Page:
The Black Belt ($8) is not only a fish sandwich, but it’s a fish sandwich best served rare. Americans tend to shy away from rare meats, but make this one the exception. Pink and cool in the inside, the Ahi tuna steak (actually, they usually put at least two on the bread) is fresh and delicious. Wasabi mayo is spread over its seared surface to add just enough kick to make it flavorful and interesting, without overpowering the juicy fish. Pair it with a generous heap of french fries or sweet potato fries, close your eyes and suddenly, you’re at the beach.

If you haven’t been to Kohnami yet, you’ve probably either a) lived in Santa Fe for fewer than three days or b) resigned yourself to eating sushi only on brief jaunts to a coast. Pretty much any roll on the menu is a crowd-pleaser, but especially tasty is the rainbow roll ($10.95)—plus, everyone at the table can have their choice of fish or avocado topping from one, multi-fish roll. Eating fresh sushi family-style around a low table, feet tucked into a depression in the floor to make floor-sitting easier for us Westerners, it’s hard to believe some people just can’t get over the “there’s no water here” thing.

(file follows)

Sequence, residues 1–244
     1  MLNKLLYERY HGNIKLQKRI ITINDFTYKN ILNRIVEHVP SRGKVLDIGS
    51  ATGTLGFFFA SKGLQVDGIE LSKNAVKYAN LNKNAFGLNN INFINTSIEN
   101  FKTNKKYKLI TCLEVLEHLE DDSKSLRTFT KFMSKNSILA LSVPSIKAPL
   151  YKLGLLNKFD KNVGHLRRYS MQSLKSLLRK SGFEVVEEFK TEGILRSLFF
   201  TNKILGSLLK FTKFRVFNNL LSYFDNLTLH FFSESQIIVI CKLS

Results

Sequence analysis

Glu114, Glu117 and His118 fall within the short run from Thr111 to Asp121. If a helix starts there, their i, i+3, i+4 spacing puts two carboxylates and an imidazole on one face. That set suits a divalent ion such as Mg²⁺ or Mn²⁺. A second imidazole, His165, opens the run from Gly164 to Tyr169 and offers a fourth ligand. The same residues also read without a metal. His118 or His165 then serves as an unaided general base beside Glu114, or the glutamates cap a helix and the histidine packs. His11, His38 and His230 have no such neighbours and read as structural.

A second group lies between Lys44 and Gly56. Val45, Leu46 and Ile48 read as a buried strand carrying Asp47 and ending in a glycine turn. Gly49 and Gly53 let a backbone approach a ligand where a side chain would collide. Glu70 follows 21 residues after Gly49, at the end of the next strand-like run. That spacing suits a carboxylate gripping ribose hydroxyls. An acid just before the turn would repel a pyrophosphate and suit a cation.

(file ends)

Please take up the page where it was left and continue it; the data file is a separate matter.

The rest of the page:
Mexican seafood is seriously legit. Mariscos “La Playa” presents the filete de tiburon al mojo de ajo ($11.45), also known as a Mako shark steak in butter and garlic. The plate is so heaped with fish, rice, fries, avocado, lettuce and tomato that one should resign at least a little of that food to the table. Shark has a unique taste; it doesn’t even really taste like fish, but it doesn’t quite taste like anything else either. Try dabbing some of the butter on the rice, then eating rice and fish together in a marvelous mouthful of maritime mastication. Fabulous.

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